In both circumstances, Yosemite search-and- rescue crews will have "downstream containment" as backup in case the victim or the even a rescuer is swept away.

The containment team often uses a "baited swimmer" technique in which a rescuer is secured to a rope before entering the water to catch the victim as he comes downstream. Rescuers on the other end of the rope near the shore pull them back.

A containment team also is sent downstream at the onset of a search after a report that someone fell into the river. Depending on the speed of the water and grade of the river, the containment team would go from a half-mile to two miles down river while other search-and-rescue personnel start walking the river from the point where the person went in, said Yosemite ranger and rescue worker David Pope.

Time a factor in survival

If the person is not found during that preliminary search, his chances of survival are slim. A limb most likely became pinned under a rock, or he was sucked into an area where vegetation or a cluster of rocks acts like a colander, letting water through but trapping anything else.

After that, rescuers go into recovery mode. They know from experience where people are likely to go under, and in those areas erect a highline. The highline is a rope and pulley system strung across the river, attached to trees on either side, in which a harnessed rescuer is pulled over the river and lowered down to retrieve a body.

"The point is to keep the rescuer out of the water, and for the same reason, it is usually a recovery," said search-and-rescue worker Todd Bartlow.

Sometimes even that is too dangerous and the victim is not located, so rescuers must wait days for the water level to lower before a recovery mission can resume.

The best way to survive a fall in the river, according to Mutlow, is to get on your back and position your feet downstream. From there, your head and chest are better protected from blows by rocks and other debris. If you can swim to the shore from there, don't stand until your bottom touches the river bottom, so that you aren't knocked back in.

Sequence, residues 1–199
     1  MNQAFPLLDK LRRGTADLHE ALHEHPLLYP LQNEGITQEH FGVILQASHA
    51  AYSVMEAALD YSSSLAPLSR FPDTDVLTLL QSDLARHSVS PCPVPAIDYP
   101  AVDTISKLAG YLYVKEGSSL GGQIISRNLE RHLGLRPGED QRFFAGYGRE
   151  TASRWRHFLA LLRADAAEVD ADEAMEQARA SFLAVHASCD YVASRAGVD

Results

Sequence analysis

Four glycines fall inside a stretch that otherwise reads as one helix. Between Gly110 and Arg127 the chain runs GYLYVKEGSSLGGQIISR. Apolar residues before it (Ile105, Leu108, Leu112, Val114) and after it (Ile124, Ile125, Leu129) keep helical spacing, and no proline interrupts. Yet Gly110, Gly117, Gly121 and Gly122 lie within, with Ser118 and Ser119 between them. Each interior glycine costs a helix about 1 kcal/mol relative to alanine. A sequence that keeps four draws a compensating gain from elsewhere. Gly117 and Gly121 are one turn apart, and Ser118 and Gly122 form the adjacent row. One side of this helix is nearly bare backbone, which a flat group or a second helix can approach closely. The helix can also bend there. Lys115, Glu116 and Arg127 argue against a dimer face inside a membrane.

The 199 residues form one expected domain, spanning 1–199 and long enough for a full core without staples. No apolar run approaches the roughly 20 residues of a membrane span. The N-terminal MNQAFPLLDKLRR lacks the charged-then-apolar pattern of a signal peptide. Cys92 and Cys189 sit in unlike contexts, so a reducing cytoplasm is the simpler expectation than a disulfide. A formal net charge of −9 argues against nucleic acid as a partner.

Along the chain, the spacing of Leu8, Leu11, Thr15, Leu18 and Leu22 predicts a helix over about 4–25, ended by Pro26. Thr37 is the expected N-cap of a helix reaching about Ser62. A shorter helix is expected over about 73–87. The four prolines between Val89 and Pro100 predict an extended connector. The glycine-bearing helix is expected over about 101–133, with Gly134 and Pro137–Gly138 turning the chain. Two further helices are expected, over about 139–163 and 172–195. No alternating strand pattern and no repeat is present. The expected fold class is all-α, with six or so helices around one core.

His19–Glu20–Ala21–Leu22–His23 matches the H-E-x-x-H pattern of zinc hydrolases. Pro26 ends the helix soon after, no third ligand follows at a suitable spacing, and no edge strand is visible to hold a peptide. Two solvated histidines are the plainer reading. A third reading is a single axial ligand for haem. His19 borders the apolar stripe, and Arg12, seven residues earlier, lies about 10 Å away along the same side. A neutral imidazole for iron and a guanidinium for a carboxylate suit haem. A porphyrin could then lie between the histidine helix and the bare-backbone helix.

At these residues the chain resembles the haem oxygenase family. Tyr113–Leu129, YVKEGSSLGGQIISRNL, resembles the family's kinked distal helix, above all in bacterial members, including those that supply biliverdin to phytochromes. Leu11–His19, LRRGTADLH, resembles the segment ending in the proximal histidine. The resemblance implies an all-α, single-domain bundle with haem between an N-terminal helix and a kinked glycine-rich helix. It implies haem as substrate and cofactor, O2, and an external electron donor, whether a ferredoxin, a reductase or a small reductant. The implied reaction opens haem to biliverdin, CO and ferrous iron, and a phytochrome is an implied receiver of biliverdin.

Slippery near waterways

The best technique, though, is a proactive one. Enter the water at calm locations away from waterfalls and strong rapids where the shore isn't smooth and slippery, said Yosemite spokeswoman Kari Cobb.

Gardner said people who have plans to float down the Stanislaus River this weekend should wear life jackets, tell someone not participating in the float when you are going and when you are getting out, and keep a cell phone in a waterproof container so a 911 dispatcher can home in on your location through GPS.

All too often, Mutlow said, there are situations in which one person falls in and another will go after her, like the case in 2011 when a hiker fell into the river above Vernal Fall and was swept over, followed by two friends who tried to save her.

"The motivation … to automatically go to help often creates a scenario, tragically, where more than one person is lost," Mutlow said.

Bee staff writer Erin Tracy can be reached at or (209)578-2366. Follow her on Twitter @ModestoBeeCrime.


Life jackets can be borrowed at no cost from area fire departments. Just bring identification and all the people who will be wearing jackets, so that they can be properly fitted:

Modesto Regional Fire Authority: Station 1, 610 11th St.

Stanislaus Consolidated Fire Protection District: Station 32, 4845 Yosemite Blvd., Empire; Station 34, 321 E St., Waterford; Station 36, 3318 Topeka St., Riverbank

Oakdale Rural Fire: Knights Ferry station, 17700 Sonora Road